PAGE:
Hospital Ordered to Pay Compensation for Failing to Treat Sepsis

A Hospital has been ordered to pay compensation for failing to treat sepsis to the son of a woman who died three weeks after being admitted with the condition.

In March 2014, the woman – who was only identified as “Mrs A” – suffered a cardiac arrest and died at Cardiff´s University Hospital of Wales, three weeks after being admitted with sepsis – a life-threatening condition that is triggered by an infection and that can result in a decrease in blood pressure, affecting the supply of blood to organs such as the brain, kidneys and heart.

Following a complaint by the woman´s son, the Ombudsman conducted an investigation and found a series of errors in her treatment. These included the failure to be assessed by a doctor for more than three hours, followed by a six-hour delay in administering antibiotics to treat the condition. The Ombudsman also found the hospital failed to follow record keeping and complaint handling procedures.

Describing the treatment that the seventy-nine year old woman had received as “inadequate”, the Ombudsman – Nick Bennet – upheld the complaint by her son that she had been misdiagnosed and her illness was mismanaged. He ordered the Cardiff and Vale University Health Board to apologise to the son and to pay £4,000 compensation for failing to treat sepsis.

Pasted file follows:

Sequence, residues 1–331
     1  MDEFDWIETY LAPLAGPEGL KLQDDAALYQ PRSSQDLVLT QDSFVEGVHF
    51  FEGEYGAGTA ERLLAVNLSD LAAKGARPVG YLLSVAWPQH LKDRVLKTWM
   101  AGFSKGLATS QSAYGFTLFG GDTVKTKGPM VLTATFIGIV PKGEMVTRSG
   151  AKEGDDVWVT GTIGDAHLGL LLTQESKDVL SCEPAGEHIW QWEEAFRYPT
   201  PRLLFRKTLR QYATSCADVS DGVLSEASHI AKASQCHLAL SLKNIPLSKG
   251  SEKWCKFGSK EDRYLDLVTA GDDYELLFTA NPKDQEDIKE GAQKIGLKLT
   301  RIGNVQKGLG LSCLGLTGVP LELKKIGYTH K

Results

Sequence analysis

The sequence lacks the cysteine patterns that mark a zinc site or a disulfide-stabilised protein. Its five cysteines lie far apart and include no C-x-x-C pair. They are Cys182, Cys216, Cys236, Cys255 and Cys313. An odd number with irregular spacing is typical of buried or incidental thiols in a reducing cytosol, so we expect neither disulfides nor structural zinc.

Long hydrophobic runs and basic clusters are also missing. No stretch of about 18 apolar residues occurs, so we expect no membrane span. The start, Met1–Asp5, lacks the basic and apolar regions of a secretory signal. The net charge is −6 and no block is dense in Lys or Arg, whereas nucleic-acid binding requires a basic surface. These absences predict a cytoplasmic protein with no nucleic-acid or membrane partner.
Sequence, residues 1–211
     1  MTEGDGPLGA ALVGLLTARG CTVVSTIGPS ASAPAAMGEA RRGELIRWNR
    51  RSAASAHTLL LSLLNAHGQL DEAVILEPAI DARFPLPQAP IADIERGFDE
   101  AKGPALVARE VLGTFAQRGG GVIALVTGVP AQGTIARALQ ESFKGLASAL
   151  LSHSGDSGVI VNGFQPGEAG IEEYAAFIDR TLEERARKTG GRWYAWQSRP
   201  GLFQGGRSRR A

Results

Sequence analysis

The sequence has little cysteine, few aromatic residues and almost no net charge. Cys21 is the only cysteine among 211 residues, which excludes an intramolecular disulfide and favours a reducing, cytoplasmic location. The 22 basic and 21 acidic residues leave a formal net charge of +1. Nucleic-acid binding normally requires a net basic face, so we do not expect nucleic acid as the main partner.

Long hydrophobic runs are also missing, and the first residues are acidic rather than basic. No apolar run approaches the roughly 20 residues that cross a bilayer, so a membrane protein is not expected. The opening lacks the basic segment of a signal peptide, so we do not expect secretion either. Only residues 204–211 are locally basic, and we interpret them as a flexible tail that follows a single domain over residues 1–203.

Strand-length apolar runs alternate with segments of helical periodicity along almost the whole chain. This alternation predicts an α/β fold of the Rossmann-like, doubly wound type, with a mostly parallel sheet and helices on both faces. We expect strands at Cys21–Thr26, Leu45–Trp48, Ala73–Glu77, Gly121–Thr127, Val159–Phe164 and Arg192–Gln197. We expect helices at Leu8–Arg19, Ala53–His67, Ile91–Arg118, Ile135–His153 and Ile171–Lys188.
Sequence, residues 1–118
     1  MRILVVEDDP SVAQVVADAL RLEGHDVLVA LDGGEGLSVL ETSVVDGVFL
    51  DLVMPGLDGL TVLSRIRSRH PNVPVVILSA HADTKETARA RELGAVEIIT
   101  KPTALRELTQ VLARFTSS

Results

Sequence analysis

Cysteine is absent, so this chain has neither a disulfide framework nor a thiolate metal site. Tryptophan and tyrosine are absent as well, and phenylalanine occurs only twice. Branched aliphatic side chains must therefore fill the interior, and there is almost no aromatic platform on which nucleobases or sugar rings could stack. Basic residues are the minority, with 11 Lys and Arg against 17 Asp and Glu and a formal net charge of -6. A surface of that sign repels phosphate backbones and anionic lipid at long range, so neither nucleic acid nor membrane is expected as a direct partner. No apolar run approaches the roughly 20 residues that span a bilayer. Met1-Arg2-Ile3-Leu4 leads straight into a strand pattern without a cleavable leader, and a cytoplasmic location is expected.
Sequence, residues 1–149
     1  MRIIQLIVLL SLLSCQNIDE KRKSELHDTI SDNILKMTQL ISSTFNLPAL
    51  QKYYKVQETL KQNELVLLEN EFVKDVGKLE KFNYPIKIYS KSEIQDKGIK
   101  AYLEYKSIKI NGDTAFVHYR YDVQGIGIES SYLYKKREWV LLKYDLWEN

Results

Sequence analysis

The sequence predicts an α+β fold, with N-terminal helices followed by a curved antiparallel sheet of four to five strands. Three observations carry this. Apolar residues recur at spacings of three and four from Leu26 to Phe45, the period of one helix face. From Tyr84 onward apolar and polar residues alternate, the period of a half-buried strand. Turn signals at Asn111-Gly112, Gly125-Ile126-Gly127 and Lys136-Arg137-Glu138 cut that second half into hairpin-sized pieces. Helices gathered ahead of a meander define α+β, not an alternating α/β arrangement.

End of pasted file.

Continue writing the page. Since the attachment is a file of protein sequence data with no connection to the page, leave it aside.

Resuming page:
The Executive Nurse Director of the Cardiff and Vale Health Board – Ruth Walker – accepted that the hospital could have improved several aspects of the care provided for the woman and agreed to the award of compensation for failing to treat sepsis. She said that the hospital would implement the recommendations made by the Ombudsman and added:

“The health board recognises the risks posed by sepsis and we have been working hard to raise awareness amongst all staff of the symptoms and steps to take to help save lives. We will continue to build on these efforts and share this sad story with all our colleagues to help avoid it happening again.”